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First World War

The Canadian soldiers went off to fight at the beginning of the First World War brimming with enthusiasm and patriotism. They were confident that they would soon be returning home victorious. Instead, they found themselves immersed in a bitter and bloody war that bore little resemblance to their romantic expectations. The war would last four years and would change the lives of the soldiers and their country forever.

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Canadian Casualties during the First World War.

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Canadian Soldiers Killed in Action during the First World War.

The Defence of Sanctuary Wood, by Kenneth Keith Forbes.
Copyright Canadian War Museum (CN 8157).

The Defence of Sanctuary Wood, by Kenneth Keith Forbes.

At Sanctuary Wood, soldiers of the Princess Patricia's Canadian Light Infantry (PPCLI) were trapped in an exposed salient, where they were decimated by enemy fire. Of the units ordered to reinforce the PPCLI, only the 49th Battalion, under the command of Lieutenant-Colonel William Griesbach, arrived in time. Acting alone, the 49th successfully relieved the PPCLI. This painting of the defence of Sanctuary Wood, 1-3 June 1916, vividly portrays the almost surreal qualities of the First World War battlefield. Several soldiers man their machine guns and return fire against a not-too-distant enemy. Some attend comrades who have fallen during the furious fighting; others, who have not survived, await stretchers to take them off to casualty stations. The battlefield, once dense forest, has been reduced to charred tree stumps.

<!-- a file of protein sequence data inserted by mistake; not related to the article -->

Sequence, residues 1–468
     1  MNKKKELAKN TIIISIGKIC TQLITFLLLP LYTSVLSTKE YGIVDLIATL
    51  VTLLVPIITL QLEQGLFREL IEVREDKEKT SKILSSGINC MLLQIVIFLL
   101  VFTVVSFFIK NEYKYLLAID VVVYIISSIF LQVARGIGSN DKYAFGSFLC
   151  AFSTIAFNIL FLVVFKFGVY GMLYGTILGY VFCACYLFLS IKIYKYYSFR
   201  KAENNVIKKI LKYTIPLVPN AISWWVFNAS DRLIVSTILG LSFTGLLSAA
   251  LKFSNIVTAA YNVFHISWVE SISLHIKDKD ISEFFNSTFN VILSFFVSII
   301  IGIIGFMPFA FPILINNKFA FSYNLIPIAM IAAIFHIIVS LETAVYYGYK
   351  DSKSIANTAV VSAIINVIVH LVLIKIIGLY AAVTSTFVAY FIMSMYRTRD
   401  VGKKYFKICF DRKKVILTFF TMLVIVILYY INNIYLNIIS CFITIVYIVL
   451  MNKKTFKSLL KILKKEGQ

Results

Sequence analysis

The very nature of warfare had changed. Conscription, mass production and advances in military weaponry in the previous decades had not been attended by significant changes in military tactics. As a result, soldiers were slaughtered by the millions. The carnage was unimaginable. Those not killed or wounded suffered through the nightmare of life in the trenches. In these damp, disease-ridden, rat-infested hell holes, the soldiers' lives alternated between mind-numbing boredom and abject terror, with their lives hanging in the balance.

Eventually, further advances in technology and new battle tactics would help to end the war. By then, 59,544 Canadians had been killed and 172,950 more had been wounded. The carnage claimed a large percentage of an entire generation of young Canadian men. The brave soldiers were marked for life by their experience, and Canada was a different nation.

Virtual SceneSlide Show
National Archives of Canada (C-080027).
Canada; An Illustrated Weekly Journal, 12 October 1918. ©Chinook Multimedia Inc.
Canada; An Illustrated Weekly Journal, 7 July 1917. ©Chinook Multimedia Inc.
National Archives of Canada (PA-000627).
Canada; An Illustrated Weekly Journal, 27 March 1915. ©Chinook Multimedia Inc.
Canada; An Illustrated Weekly Journal, 30 November 1918. ©Chinook Multimedia Inc.
Canada; An Illustrated Weekly Journal, 27 January 1917. ©Chinook Multimedia Inc.
Canada; An Illustrated Weekly Journal, 7 April 1917. ©Chinook Multimedia Inc.
National Archives of Canada (PA-000324).

Toll of War.

Contrary to many naive predictions, the First World War was anything but a glorious war. The conflict exacted a tragic price from all involved.

The extraordinary accomplishments of Canadian soldiers gave the country a new-found confidence. Canadians now saw themselves not as British but as citizens of a separate Canadian nation.

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